A Study Of The Ancient Boglin Scrolls
It's Rutting season again that time of year when Boglins grow horns and gather to do battle on the hills of the Boglands.
Not accustomed to dry land the Boglins throw themselves down the hillsides half rolling half falling head over tail, then butting into each other head first at the bottom of the valley. They end up a terrible mess of broken horns. The Victor who rises up out of the pile unscathed claims the right to rule that year over all the Boglands. The rest laugh themselves silly calling each other butt head, toasting the new King and returning to their usual merry making and drinking of Bogwine. All look forward to returning to the hot pools of Bogwash to sooth their aching heads and bodies.
While the new king contemplates how he is ever going to rule over such a band of disheveled nincompoops and dingbats!
-A Common Interpretation of the Ancient Boglin Scroll
I totally disagree with this translation of the Ancient Boglatin scrolls.
It is very obvious that the scroll Refers to Boglin Rooting season not Rutting Season if one refers to the index in my translation we can clearly see that the Boglins were actively seeking out root vegetables and the very rare Trafalgar truffle. In the fall Boglins would push their snouts into the muck seeking out Rutabagas, turnips, parsnips, carrots, and potatoes. Scuffles would ensue when the Boglins would find the very rare Trafalgar truffle. Causing them to to lock horns pushing each other around in the muck. It is said that this would cause them to loose an occasional horn and the Victor would be crowned King for a day. This is how valued Trafalgar truffles are.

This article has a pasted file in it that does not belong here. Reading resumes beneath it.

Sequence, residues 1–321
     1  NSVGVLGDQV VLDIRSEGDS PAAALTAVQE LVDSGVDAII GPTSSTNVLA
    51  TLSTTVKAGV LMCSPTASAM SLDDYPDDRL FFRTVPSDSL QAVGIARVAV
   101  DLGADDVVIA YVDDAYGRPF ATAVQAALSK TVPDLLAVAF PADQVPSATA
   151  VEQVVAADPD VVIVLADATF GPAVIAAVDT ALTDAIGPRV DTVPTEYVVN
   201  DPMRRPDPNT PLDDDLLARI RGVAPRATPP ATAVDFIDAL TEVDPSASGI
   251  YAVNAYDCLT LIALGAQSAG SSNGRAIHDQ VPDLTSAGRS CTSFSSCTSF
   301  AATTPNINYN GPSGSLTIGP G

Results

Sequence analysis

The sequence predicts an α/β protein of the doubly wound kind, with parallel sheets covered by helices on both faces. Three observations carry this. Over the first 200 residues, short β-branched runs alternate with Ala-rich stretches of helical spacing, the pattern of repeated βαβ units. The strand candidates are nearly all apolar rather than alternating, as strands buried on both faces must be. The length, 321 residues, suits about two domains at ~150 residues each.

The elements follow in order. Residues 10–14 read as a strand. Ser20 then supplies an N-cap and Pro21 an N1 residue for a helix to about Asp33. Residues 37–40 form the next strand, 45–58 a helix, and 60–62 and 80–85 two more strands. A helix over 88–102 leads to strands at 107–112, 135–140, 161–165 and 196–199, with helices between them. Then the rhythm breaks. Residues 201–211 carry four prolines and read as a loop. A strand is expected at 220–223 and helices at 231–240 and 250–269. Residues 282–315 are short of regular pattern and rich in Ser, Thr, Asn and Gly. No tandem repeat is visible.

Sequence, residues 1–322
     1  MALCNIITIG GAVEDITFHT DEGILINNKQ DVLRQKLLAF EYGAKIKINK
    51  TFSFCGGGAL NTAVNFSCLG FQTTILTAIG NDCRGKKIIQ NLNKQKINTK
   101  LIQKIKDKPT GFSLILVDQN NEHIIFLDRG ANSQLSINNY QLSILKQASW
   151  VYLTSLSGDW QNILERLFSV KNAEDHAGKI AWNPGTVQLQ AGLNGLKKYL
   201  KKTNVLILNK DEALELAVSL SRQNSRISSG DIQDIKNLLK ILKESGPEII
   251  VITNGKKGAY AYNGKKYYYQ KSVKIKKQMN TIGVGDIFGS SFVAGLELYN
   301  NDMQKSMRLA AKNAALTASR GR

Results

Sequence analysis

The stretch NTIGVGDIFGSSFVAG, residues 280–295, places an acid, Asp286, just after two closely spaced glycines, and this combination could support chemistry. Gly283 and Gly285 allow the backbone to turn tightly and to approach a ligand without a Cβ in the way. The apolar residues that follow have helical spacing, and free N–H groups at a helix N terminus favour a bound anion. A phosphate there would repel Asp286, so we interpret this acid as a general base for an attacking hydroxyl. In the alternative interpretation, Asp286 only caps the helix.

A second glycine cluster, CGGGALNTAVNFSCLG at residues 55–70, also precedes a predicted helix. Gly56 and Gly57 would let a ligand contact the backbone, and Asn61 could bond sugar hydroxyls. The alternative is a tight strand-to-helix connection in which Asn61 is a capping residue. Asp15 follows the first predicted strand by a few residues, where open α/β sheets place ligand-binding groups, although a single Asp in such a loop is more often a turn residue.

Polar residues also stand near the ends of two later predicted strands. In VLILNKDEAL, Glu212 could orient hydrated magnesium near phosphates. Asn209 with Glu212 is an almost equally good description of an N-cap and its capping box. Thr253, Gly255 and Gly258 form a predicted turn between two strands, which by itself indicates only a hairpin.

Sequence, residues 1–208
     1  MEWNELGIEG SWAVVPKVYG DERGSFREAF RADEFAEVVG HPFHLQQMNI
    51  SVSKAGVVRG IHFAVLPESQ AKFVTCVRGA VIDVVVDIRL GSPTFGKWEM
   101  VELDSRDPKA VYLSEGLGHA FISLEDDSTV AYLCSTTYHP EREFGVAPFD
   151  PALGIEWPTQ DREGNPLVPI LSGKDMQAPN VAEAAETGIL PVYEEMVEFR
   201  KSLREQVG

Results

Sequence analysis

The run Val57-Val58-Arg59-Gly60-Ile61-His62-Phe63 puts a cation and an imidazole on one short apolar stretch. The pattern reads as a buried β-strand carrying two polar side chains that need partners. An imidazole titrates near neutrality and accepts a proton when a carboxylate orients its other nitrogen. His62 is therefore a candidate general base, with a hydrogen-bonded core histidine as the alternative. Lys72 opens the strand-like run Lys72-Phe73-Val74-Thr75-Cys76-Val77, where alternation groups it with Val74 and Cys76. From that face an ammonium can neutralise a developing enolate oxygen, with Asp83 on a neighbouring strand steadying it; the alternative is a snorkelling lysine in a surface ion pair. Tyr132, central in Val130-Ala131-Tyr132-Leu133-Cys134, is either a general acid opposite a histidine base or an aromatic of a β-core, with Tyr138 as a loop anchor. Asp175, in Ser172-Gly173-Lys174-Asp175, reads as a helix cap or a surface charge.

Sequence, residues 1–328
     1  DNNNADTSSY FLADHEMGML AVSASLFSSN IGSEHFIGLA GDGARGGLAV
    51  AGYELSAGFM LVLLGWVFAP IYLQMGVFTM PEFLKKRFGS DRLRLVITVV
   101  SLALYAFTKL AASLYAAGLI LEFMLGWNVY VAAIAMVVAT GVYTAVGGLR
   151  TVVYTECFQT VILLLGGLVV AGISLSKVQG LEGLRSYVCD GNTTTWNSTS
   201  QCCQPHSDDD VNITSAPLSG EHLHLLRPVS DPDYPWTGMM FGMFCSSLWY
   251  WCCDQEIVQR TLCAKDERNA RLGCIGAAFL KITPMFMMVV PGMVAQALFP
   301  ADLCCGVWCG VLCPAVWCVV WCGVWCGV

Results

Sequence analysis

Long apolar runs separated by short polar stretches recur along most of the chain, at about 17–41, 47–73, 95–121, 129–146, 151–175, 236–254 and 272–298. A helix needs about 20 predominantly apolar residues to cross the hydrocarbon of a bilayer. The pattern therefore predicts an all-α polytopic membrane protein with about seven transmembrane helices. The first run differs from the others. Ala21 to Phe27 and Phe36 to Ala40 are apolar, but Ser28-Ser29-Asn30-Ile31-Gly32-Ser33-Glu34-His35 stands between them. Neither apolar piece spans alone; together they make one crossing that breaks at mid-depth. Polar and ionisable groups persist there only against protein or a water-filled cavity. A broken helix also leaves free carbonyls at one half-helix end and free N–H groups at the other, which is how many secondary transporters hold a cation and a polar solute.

About the only truth to the previous translation is the part about the Ancient baths here at Bogwash where there are very rare sightings of Boglins washing after the Root. I ask you all to please report in if you see any of these very rare creatures as I fear their numbers are dwindling.
-A rebuttal from Professor H.H.Higgins of Bogwash University.